The Bird King: an artist’s notebook by Shaun Tan
A new book of sketches, artwork, and personal reflection from the brilliant mind of award winning, bestselling author and illustrator Shaun Tan. “I’m often wary of using the word ‘inspiration’ to introduce my work–it sounds too much like a sun shower from the heavens, absorbed by a passive individual enjoying an especially receptive moment. While that may be the case on rare occasions, the reality is usually far more prosaic. Staring at a blank piece of paper, I can’t think of anything original. I feel utterly uninspired and unreceptive. It’s the familiar malaise of ‘artist’s block’ and in such circumstances there is only one thing to do: just start drawing.” –Shaun Tan
And when Shaun Tan starts drawing, the results are stunning. In THE BIRD KING: AN ARTIST’S NOTEBOOK, we find a window into the creative process: the stops and starts, the ideas that never took off, and the ones that grew into something much bigger. Fans of THE ARRIVAL will recognize the quirky, surreal sensibility that is so distinctly Shaun Tan in this stunning collection, and gain insight into how his many gorgeous books were made.
I was first introduced to the work of Shaun Tan when I taught in Australia, and I used his well-known collaboration with John Marsden, “The Rabbits” to introduce the concept of colonization to my students. I’ve since used it in Canada, and it’s an incredible allegorical tale with resplendent illustrations that vividly portray the emotional and physical impact of the arrival of the Europeans. Later, I brought his other books – The Red Tree, The Arrival, The Lost Thing, Lost and Found, and Tales from Outer Suburbia into my teaching, and all have had an incredible impact.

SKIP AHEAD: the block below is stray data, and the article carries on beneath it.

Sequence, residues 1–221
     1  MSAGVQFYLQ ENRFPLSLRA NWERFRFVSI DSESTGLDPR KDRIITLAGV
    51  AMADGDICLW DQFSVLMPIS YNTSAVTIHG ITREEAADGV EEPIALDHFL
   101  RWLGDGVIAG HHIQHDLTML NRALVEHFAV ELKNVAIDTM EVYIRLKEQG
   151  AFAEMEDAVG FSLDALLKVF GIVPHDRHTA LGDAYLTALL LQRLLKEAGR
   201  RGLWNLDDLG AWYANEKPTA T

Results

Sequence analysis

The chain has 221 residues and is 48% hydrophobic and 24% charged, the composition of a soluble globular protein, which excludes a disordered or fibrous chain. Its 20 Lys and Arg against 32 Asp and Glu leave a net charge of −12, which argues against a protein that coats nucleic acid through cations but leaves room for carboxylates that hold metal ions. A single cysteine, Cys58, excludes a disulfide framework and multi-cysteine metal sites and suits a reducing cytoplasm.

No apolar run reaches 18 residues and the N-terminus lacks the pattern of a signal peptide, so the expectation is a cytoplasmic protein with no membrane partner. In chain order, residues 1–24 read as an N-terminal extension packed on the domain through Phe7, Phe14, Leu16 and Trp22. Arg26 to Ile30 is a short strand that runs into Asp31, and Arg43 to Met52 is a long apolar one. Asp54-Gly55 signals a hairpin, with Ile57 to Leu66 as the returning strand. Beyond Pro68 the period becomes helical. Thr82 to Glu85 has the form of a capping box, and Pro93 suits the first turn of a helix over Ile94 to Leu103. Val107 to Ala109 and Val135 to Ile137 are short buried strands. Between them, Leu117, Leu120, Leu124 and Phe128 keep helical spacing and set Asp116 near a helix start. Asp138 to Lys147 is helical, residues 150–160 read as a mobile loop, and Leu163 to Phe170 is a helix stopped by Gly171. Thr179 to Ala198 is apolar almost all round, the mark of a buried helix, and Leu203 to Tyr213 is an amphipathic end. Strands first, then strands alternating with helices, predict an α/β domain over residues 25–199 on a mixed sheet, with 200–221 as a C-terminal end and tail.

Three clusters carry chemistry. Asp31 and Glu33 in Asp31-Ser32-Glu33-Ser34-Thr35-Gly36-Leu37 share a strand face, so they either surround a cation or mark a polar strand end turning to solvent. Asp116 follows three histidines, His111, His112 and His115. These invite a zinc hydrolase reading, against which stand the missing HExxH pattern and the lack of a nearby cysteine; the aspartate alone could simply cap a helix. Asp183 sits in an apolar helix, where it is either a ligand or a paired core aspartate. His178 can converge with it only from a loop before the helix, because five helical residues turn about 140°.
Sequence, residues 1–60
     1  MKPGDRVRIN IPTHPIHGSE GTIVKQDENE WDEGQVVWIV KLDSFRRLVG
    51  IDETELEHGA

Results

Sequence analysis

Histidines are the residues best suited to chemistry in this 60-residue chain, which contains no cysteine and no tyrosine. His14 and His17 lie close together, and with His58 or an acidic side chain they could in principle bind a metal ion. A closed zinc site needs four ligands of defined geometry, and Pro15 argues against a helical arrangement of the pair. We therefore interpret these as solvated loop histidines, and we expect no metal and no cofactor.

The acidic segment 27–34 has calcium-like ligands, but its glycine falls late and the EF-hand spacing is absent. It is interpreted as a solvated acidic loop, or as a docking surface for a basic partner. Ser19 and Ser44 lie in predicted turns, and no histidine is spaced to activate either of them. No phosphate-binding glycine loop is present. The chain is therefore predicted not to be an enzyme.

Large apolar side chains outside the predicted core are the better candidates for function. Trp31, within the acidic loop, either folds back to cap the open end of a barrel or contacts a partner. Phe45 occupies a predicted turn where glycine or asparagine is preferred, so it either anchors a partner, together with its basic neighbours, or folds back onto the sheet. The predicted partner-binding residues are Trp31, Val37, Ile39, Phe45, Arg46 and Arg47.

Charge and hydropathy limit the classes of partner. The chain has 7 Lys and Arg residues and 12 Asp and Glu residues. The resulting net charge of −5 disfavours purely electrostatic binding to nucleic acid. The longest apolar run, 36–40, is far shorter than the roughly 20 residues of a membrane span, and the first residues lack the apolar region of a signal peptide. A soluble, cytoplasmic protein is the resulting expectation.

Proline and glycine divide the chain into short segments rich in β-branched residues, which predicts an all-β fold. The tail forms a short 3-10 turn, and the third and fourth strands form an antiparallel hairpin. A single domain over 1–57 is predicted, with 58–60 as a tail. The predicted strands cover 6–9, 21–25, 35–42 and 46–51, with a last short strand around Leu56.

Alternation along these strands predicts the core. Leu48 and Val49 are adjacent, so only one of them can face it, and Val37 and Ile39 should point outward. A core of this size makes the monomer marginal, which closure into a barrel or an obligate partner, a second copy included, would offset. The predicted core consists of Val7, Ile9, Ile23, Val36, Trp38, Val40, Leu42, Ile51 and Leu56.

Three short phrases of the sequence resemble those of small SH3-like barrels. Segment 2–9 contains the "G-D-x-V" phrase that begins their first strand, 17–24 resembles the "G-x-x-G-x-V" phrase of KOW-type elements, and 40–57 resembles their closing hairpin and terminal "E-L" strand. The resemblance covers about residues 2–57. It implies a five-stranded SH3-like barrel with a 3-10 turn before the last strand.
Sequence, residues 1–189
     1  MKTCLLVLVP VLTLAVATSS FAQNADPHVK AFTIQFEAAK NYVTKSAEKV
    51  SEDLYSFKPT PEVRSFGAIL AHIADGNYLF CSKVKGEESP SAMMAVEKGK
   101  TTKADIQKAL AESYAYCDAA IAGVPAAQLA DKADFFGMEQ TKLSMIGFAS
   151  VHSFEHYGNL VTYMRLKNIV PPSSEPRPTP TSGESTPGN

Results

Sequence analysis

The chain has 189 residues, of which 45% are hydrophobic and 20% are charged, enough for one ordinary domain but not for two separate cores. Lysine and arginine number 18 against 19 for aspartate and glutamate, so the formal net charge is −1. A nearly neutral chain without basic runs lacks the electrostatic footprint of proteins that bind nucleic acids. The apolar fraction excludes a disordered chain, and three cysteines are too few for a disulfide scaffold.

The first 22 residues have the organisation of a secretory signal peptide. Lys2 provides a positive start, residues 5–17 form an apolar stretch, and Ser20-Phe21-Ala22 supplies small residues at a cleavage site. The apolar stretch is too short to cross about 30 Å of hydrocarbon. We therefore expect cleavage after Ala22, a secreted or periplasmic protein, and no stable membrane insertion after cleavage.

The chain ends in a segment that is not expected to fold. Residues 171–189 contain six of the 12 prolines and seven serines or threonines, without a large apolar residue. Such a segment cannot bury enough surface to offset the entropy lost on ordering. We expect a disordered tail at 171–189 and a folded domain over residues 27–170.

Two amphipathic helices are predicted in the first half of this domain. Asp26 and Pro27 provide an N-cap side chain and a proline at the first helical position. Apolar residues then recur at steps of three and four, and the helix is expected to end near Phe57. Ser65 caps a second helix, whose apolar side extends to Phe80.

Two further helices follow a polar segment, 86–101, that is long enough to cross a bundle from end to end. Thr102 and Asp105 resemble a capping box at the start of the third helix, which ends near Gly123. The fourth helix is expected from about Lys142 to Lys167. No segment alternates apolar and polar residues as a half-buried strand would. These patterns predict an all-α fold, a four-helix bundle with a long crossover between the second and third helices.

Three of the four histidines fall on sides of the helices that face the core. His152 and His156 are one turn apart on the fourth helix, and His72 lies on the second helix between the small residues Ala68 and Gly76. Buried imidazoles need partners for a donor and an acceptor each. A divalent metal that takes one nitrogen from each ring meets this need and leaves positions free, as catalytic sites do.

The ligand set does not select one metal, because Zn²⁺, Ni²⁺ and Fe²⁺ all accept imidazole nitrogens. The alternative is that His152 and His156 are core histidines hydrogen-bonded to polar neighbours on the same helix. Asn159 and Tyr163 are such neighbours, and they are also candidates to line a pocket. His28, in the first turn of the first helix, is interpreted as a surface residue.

The Bird King is not a storybook; instead, it’s a peek inside Tan’s creative mind, with alternative sketches and draft versions of his most famous work. I found this an absolutely fascinating book, giving such incredible insight into some of his thought processes. There are many preliminary sketches here, and you can trace the development from first inklings to finished products. What I found most intriguing were the ‘throwaway’ bits, those little doodles that we all make – however, when you are Shaun Tan, your doodles may be a little more interesting than others! Some are quite sweet, while others have a darker edge to them. Overall, there’s something whimsical yet slightly quirky about his drawings and I would love to see Tan work with someone like Tim Burton… could you imagine the fanciful work they could create together??
After leisurely browsing through these illustrations, you will definitely be tempted to go back to revisit some of your favourite Tan picture books – and if you are new to his work you will have a wonderful journey ahead. This is a wonderful reference if you are looking for inspiration for your own artwork, or want to inspire a younger artist to keep going.
Chickenhare by Chris Grine
Chickenhare: half chicken, half rabbit, 100% hero!